River Wylye in Spring. Photo: Bob Wellard
The WTT is a practical, hands-on organisation enhancing aquatic habitats
Trout inspired art. Metal relief panel by Sam MacDonald
Chalkstreams are special ecosystems, vulnerable to harm at the hand of man
A WTT Conservation Officer demonstrates practical habitat enhancement techniques
The River Meon in Hampshire - excellent habitat for wild trout.
Sea trout in the River Cothi. Photo: David Miller
Damsel fly. Photo: Charles Carr
Volunteers at work on the River Gade
The WTT helps to create habitat in dredged and damaged rivers. River Stour, Kent
Photo: Jon Beer
The Wild Trout Trust team at work on the River Manifold
Spawning time !
A wild brown trout - a very special animal. Photo:Charles Carr
WTT River Habitat Workshops teach volunteers how to care for their river
Simple techniques can improve rivers for trout and many other organisms
Shaggy vegetated margins of a river are vital trout habitat
The Wild Trout Trust works to protect and enhance river habitat
River Teign, Devon. Photo: Bob Wellard
Trout need plentiful cold, clean water to thrive
A healthy wild trout population is a sentinel for a healthy river. Photo C.Rangeley-Wilson
The West Dart: a spate stream, here full of great trout habitat
Trout inspired art. Metal relief panel by Sam MacDonald
Grayling and trout happily co-exist. Photo: David Miller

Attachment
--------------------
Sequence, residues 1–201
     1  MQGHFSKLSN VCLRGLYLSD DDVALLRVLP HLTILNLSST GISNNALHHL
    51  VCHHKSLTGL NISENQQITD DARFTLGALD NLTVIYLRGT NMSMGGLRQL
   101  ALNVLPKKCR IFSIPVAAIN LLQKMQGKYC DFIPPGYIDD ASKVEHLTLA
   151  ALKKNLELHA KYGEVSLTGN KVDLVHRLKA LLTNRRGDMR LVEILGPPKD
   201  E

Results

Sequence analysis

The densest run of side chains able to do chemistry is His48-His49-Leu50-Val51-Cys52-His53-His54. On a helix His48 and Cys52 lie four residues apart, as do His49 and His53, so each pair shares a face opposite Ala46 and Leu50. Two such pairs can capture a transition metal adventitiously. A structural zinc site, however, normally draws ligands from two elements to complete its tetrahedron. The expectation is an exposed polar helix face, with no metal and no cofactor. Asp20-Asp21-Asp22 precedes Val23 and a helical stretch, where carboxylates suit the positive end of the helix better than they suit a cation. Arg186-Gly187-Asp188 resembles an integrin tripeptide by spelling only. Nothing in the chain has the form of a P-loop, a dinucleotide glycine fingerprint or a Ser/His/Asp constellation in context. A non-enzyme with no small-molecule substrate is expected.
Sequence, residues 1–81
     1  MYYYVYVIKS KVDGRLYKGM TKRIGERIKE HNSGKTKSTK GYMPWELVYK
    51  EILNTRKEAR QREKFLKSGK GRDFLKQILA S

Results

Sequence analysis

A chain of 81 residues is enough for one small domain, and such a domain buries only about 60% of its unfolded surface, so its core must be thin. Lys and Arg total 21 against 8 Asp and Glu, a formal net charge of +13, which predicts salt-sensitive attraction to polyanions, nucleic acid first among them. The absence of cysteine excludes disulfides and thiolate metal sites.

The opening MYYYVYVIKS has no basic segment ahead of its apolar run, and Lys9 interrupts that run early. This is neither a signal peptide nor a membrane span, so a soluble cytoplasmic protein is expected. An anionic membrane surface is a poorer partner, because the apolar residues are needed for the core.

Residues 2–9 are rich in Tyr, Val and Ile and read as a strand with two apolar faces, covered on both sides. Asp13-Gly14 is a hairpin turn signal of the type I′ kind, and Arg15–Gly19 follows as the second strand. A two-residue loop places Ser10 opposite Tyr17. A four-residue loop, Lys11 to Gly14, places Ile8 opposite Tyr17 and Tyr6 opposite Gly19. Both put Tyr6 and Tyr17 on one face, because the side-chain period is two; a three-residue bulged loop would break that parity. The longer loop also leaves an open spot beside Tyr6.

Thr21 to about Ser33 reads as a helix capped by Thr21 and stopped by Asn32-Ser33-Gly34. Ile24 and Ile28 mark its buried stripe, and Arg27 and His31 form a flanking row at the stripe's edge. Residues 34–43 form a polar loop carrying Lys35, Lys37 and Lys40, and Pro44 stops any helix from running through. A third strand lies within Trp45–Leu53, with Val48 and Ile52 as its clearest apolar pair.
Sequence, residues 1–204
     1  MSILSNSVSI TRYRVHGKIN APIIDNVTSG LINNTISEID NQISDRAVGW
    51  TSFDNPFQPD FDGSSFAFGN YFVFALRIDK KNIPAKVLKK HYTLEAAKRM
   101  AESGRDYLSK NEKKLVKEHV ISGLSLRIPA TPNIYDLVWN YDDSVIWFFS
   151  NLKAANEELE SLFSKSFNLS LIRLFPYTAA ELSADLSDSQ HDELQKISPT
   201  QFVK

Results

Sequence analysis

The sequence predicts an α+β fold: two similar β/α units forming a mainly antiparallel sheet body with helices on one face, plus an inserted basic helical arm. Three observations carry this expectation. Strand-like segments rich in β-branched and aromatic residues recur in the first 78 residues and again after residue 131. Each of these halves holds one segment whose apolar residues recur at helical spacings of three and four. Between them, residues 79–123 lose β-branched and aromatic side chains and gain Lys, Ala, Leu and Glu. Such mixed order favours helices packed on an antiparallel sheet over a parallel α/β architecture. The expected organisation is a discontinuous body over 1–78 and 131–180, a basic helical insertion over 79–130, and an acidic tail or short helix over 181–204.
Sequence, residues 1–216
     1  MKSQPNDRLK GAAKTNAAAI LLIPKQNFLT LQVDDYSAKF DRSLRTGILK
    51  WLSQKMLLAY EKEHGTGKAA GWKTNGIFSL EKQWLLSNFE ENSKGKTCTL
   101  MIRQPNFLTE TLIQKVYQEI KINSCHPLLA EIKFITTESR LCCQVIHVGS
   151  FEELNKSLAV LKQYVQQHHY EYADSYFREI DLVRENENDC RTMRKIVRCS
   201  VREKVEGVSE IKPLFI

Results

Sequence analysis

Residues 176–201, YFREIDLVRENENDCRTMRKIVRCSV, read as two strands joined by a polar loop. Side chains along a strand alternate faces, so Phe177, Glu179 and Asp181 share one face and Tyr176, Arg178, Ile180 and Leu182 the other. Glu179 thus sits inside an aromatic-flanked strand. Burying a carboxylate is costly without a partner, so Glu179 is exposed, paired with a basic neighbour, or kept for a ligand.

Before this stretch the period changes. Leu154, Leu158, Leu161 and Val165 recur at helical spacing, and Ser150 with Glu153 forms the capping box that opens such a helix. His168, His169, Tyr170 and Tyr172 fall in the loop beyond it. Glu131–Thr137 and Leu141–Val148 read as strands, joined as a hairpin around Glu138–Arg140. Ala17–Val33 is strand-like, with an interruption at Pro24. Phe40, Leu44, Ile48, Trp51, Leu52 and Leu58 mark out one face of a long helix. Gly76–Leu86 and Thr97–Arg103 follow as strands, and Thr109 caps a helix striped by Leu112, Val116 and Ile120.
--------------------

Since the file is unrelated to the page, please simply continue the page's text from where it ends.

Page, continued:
Trout inspired art. Metal relief panel by Sam MacDonald
The Wild Trout Trust advises on habitat in lakes as well as rivers
The River Test.Photo: Martin Jacobs
A tiny trout takes it's first solid food. A critical life stage.
Exploring the wild lochs of Scotland
Wild brown trout are indicators of a healthy environment. Photo: Jon Beer
The WTT help create habitat in dredged and damaged rivers. River Stour, Kent
Fly hatch. Photo: C. Rangeley-Wilson
Trout parr. Photo: Sam MacDonald
The West Dart on Dartmoor
River Wylye in summer. Photo: Bob Wellard
The invertebrate life of a river tells much about its water quality
Photo: David Miller
Wild brown trout like this face many threats, including stocking. Photo: Jon Beer
Dredged rivers rapidly fill with silt and reeds.The WTT carry out projects to create natural, self-cleansing channels and good trout habitat.
Photo: Bob Wellard
A tiny trout, just emerged from the egg
Photo: Charles Rangeley-Wilson, President of the Wild Trout Trust
Science is now telling us how unique are many of our wild brown trout populations

The Wild Trout Trust stimulates hands-on, in-the-water projects, helping others to help themselves with habitat improvement in and around rivers and lakes. Any individual or organisation caring for a wild trout population, anywhere in the UK or Ireland, can call on the Trust for practical help, advice and support.